- Denny Partridge & Steve Friedman
Real crime is no laughing matter, especially a vicious homicide. Yet the audience for Mildred Taken Crazy - a short play based on a notorious late-19th-century murder in Montpelier - can expect some humor at its performance in Burlington next week. Bellows Falls-based actors/playwrights Steve Friedman and Denny Partridge like to say: "Our plays are always funny, no matter how serious."
Friedman and Partridge, partners in life as well as in theater, have been performing together since 1970. Both are veterans of the San Francisco Mime Troupe and Modern Times Theater of New York City and have staged original and classic works on several continents, won numerous awards, and taught theater at several colleges. Their last academic tenure was at Barnard College, from which they took early retirement and relocated to Vermont two years ago. But the couple has had a much longer relationship with the state - for Partridge, since the age of 8. She has family here, including sister-in-law Rep. Carolyn Partridge (D-Windham). Daughter Rose Cheney Friedman worked with Bread and Puppet Theater - and was married at its Glover headquarters last year.
To sum up two such rich and fascinating careers in such a small space seems almost criminal, but better bios of Friedman and Partridge are available on their website, www.mudtimetheater.com. That address hints that the pair has not retired from the stage - and that they know from mud season. Friedman and Partridge founded Mud Time Theater in 2007 "to create plays of particular interest to year-round Vermonters," according to the site. Or, as Friedman puts it, "not hotsy-totsy New York theater, but something relevant to Vermont."
Enter Mildred Taken Crazy, which the couple developed because "passion makes theater worth watching," says Friedman. The 1897 crime at its center involves a young woman killing another woman over a man who was engaged to both of them. (Why the two women did not kill the two-timing man instead remains a mystery.) In any event, the murder was a sensation throughout the eastern U.S., according to these playwrights (who learned about it from a poster belonging to a friend in New York). Such an act was unheard of at the time, especially committed by a woman - and in low-crime Vermont. Mildred Brewster was sent to the "asylum" in Waterbury and then disappeared from the historical record. Until now.
With the zeal of doctoral students, Friedman and Partridge have researched the case extensively, poring over crumbling newspaper microfilm in Vermont, and engaging librarians as far away as Baton Rouge in the hunt. For a long time, Mildred's fate was "stuck at age 30." Then they found more. "The piece keeps evolving," says Partridge. "We work on it all the time."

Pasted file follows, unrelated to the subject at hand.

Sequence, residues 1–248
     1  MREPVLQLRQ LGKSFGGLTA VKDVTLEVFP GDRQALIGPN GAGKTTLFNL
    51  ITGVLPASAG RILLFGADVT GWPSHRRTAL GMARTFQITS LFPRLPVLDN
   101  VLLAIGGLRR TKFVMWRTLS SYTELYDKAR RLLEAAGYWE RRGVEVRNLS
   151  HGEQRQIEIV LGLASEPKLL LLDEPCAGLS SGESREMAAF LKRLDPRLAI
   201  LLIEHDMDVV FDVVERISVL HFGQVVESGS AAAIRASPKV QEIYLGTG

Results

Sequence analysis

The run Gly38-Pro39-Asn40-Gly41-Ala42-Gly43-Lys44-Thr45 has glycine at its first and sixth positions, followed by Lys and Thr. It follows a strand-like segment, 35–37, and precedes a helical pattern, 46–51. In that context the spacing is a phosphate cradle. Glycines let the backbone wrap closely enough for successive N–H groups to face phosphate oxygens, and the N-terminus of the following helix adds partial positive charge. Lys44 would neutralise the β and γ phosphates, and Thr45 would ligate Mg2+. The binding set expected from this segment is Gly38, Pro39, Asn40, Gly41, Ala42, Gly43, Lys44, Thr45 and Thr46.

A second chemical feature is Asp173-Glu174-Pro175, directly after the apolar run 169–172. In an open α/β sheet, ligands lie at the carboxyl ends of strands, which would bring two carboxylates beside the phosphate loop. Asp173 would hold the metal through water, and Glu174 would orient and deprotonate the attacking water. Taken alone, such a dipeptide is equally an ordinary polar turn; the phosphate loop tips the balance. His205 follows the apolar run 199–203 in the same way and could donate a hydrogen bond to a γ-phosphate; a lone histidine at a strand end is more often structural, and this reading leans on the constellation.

What remains constant is the bare-bones presentation of the material, which combines "song, drama and storytelling to help the audience feel and think its way through a moment of violence with far-reaching consequences." This with two actors and only a single chair for a "set." That portability serves Mud Time's mission of bringing theater anywhere - from stages to living rooms, schools to prisons. Friedman and Partridge have played in all those places and more, even the Statehouse on Farmers' Night. "We're looking to break the boundaries of where theater could be performed," Partridge says. "It's intended to show it's possible to do theater with almost nothing," Friedman adds.
Next week, they'll bring Mildred Taken Crazy to the Outer Space Café in Burlington's Flynndog building. Though the performance is free, the café is serving a gourmet meal just prior - making it almost dinner theater. Friedman and Partridge's connection in Burlington is former student Emily Anderson, of VSA Arts of Vermont and the Awareness Theater Company. "We don't have a publicity machine here," notes Friedman. "What we need to find everywhere [in Vermont] is a person who's interested in making it happen."
Chances are the Mud Time two won't have much trouble finding more venues for Mildred. After all, "Everyone is interested in love," Friedman points out. The play "is about a woman who's trying to remake her life. We're all always trying to remake our lives."